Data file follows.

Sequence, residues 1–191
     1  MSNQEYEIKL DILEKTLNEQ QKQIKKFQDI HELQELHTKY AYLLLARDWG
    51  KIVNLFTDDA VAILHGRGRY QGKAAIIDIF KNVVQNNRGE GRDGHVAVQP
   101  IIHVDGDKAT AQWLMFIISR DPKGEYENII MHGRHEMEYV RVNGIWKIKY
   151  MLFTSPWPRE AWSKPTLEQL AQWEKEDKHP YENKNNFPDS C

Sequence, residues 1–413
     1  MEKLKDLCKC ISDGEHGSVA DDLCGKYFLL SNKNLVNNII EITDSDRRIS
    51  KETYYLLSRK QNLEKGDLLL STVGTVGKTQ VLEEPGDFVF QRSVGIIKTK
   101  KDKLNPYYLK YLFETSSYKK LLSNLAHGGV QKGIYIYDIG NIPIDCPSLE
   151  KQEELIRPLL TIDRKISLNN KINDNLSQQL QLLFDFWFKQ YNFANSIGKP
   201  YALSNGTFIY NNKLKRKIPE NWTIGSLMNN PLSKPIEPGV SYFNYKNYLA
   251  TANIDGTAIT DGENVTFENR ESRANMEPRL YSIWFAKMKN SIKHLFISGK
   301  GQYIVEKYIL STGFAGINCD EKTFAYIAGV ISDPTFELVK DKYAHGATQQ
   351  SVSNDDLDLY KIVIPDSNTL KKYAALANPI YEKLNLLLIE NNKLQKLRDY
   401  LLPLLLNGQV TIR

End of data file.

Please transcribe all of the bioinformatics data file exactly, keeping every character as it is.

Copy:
Sequence, residues 1–191
     1  MSNQEYEIKL DILEKTLNEQ QKQIKKFQDI HELQELHTKY AYLLLARDWG
    51  KIVNLFTDDA VAILHGRGRY QGKAAIIDIF KNVVQNNRGE GRDGHVAVQP
   101  IIHVDGDKAT AQWLMFIISR DPKGEYENII MHGRHEMEYV RVNGIWKIKY
   151  MLFTSPWPRE AWSKPTLEQL AQWEKEDKHP YENKNNFPDS C

Sequence, residues 1–413
     1  MEKLKDLCKC ISDGEHGSVA DDLCGKYFLL SNKNLVNNII EITDSDRRIS
    51  KETYYLLSRK QNLEKGDLLL STVGTVGKTQ VLEEPGDFVF QRSVGIIKTK
   101  KDKLNPYYLK YLFETSSYKK LLSNLAHGGV QKGIYIYDIG NIPIDCPSLE
   151  KQEELIRPLL TIDRKISLNN KINDNLSQQL QLLFDFWFKQ YNFANSIGKP
   201  YALSNGTFIY NNKLKRKIPE NWTIGSLMNN PLSKPIEPGV SYFNYKNYLA
   251  TANIDGTAIT DGENVTFENR ESRANMEPRL YSIWFAKMKN SIKHLFISGK
   301  GQYIVEKYIL STGFAGINCD EKTFAYIAGV ISDPTFELVK DKYAHGATQQ
   351  SVSNDDLDLY KIVIPDSNTL KKYAALANPI YEKLNLLLIE NNKLQKLRDY
   401  LLPLLLNGQV TIR